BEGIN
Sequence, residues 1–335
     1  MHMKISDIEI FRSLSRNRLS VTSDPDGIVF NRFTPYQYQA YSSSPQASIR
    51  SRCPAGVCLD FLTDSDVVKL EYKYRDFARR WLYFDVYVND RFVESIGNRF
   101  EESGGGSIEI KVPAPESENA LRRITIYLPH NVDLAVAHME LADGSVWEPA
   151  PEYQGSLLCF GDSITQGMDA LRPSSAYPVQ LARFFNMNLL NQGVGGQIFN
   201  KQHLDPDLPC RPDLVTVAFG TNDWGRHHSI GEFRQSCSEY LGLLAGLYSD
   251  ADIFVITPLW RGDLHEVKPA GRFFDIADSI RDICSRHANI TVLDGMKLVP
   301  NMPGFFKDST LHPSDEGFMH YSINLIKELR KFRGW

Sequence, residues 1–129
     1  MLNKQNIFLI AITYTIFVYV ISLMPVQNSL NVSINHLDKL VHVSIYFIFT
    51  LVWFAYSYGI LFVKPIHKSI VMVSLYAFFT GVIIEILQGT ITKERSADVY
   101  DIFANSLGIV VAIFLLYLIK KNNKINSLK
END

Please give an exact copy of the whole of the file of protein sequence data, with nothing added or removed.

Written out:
Sequence, residues 1–335
     1  MHMKISDIEI FRSLSRNRLS VTSDPDGIVF NRFTPYQYQA YSSSPQASIR
    51  SRCPAGVCLD FLTDSDVVKL EYKYRDFARR WLYFDVYVND RFVESIGNRF
   101  EESGGGSIEI KVPAPESENA LRRITIYLPH NVDLAVAHME LADGSVWEPA
   151  PEYQGSLLCF GDSITQGMDA LRPSSAYPVQ LARFFNMNLL NQGVGGQIFN
   201  KQHLDPDLPC RPDLVTVAFG TNDWGRHHSI GEFRQSCSEY LGLLAGLYSD
   251  ADIFVITPLW RGDLHEVKPA GRFFDIADSI RDICSRHANI TVLDGMKLVP
   301  NMPGFFKDST LHPSDEGFMH YSINLIKELR KFRGW

Sequence, residues 1–129
     1  MLNKQNIFLI AITYTIFVYV ISLMPVQNSL NVSINHLDKL VHVSIYFIFT
    51  LVWFAYSYGI LFVKPIHKSI VMVSLYAFFT GVIIEILQGT ITKERSADVY
   101  DIFANSLGIV VAIFLLYLIK KNNKINSLK